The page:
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Media Tip Sheet: How Will the Banking Crisis of 2023 Affect You?
How will the current banking crisis affect you? Gregory Germain, professor of law at Syracuse University’s College of Law, shared some insight below. If you’re interested in speaking with him for an interview, please reach out to Vanessa Marquette, media relations specialist, at firstname.lastname@example.org.
Professor Germain writes:
“Despite government intervention, it is very hard to tell how safe the banking system really is, and whether these new government backstops are going to end up costing taxpayers. Banks are not required to disclose how much less their bond and loan portfolios are worth due to the rise in interest rates. For example, if a bank paid $1,000 for a 30-year treasury bond that was yielding only 2%, that bond would currently be worth about $650 after interest rates increased to 4%. Yet, the bank would continue to report the bond at its purchase cost of $1,000, and not report its “unrealized loss” of $350. Banks must have also incurred large unrealized losses on their loan portfolios. If a bank made a $100,000 30 year mortgage loan at 3%, the loan would be worth about $50,000 at a market rate of 7%. The regulators claim that banks do not need to report “mark to market” losses on their bond and loan portfolios because they intend to hold these investments to maturity. But these built-in-losses will reduce bank profitability if they have to pay higher market rates to depositors or if they need to sell the bonds or loans to raise funds. The lack of mark-to-market accounting transparency is a legitimate concern because the banking system depends on the trust and confidence of its customers.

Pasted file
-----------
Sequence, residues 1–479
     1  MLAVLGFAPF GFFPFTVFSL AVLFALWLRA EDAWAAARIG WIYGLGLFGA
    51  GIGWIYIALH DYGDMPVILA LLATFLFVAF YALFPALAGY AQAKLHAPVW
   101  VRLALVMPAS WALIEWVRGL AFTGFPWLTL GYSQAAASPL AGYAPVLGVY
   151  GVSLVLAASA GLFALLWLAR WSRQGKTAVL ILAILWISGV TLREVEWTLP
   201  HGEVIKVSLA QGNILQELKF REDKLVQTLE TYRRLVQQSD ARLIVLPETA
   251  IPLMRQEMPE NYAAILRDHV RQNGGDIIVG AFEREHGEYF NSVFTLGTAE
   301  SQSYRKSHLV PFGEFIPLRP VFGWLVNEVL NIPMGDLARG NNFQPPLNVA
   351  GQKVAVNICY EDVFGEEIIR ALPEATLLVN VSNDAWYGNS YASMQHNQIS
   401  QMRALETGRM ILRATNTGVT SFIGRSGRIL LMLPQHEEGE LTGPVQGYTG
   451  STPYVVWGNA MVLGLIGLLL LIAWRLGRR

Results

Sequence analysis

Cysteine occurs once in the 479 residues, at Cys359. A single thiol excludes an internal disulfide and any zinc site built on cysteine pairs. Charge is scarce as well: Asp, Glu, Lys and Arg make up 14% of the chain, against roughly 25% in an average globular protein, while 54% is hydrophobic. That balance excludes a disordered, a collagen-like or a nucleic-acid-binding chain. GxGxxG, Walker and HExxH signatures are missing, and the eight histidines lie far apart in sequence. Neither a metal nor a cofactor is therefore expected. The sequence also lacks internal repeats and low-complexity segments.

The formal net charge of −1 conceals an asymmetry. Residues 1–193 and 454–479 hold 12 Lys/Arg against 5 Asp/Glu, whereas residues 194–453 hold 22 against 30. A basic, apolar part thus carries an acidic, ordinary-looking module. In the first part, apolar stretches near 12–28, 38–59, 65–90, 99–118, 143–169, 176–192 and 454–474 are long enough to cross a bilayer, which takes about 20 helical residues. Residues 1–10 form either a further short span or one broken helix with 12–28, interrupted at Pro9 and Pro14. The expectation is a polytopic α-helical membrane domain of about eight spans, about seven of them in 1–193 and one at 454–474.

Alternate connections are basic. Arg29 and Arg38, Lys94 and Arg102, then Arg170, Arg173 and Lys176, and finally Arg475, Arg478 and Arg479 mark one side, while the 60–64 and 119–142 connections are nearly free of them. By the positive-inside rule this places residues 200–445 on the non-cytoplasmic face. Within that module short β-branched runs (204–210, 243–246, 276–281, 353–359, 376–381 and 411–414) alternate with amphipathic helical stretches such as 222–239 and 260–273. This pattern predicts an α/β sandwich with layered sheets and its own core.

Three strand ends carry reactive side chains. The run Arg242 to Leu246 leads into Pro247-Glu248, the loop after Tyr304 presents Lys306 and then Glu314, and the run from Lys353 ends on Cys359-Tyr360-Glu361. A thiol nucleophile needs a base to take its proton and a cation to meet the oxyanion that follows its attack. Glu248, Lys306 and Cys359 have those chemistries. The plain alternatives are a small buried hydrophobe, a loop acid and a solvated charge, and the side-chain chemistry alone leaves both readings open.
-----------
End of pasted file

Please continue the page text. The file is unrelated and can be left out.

So what should you do in this uncertain banking environment? First, you should have no concerns about the safety of your deposits in any insured bank or credit union as long as your deposits are under the $250,000 per person FDIC or NCUA insurance limits. If your bank gets into trouble, the FDIC or NCUA will quickly pay you back for your insured deposits. As long as your deposits are insured, your money is safe.
However, retail banks and credit unions are paying very low rates of interest on your deposits. A smart customer can earn much higher rates of interest through equally safe insured internet banks, treasury bills, and government money market funds. Consumers should shop around for maximum safe rates, keeping minimum amounts in their local banks to cover current expenditures. Money can easily be transferred electronically from other accounts to your local bank within a couple of days as necessary. As consumers move their money to earn higher rates, banks will be forced to compete by raising the interest rates they offer to attract deposits.
Second, there are few (if any) good reasons to keep money in excess of the $250,000 FDIC insurance limits in your bank. Some businesses may need to keep larger balances in their bank accounts to cover daily transactions, but they should be intelligently allocating their money among banks and other investments in a prudent way, both to manage risks and maximize their earnings.
As long as the FDIC is doing their job of assuring that banks are adequately capitalized and properly managed, there is no reason for this mini-panic to have a significant impact on our economy. The government has claimed that taxpayers will not lose any money on its decision to honor all Silicon Valley Bank and Signature Bank deposits, even those not insured, because the banks were amply capitalized to cover all depositor claims.
However, the banking crisis should shed some light on the fragility of our economy. The federal government pulled out all of the stops during the COVID crisis with about $5 trillion in fiscal spending, keeping the federal funds rate below 2%, and dramatically increasing the money supply through its multi-trillion dollar program of quantitative easing. The result was inflation. To stem the tide of inflation, the Federal Reserve has been raising interest rates and reducing its balance sheet and the money supply with quantitative tightening. The rise in interest rates is the direct cause of uncertainty in the banking sector. The difficulty for the Federal Reserve is to rein in inflation without collapsing the economy. It is not an easy job after such extraordinary government intervention during COVID. The government needs to make sure than the arteries of commerce remain open and functional while it restricts the supply of blood.”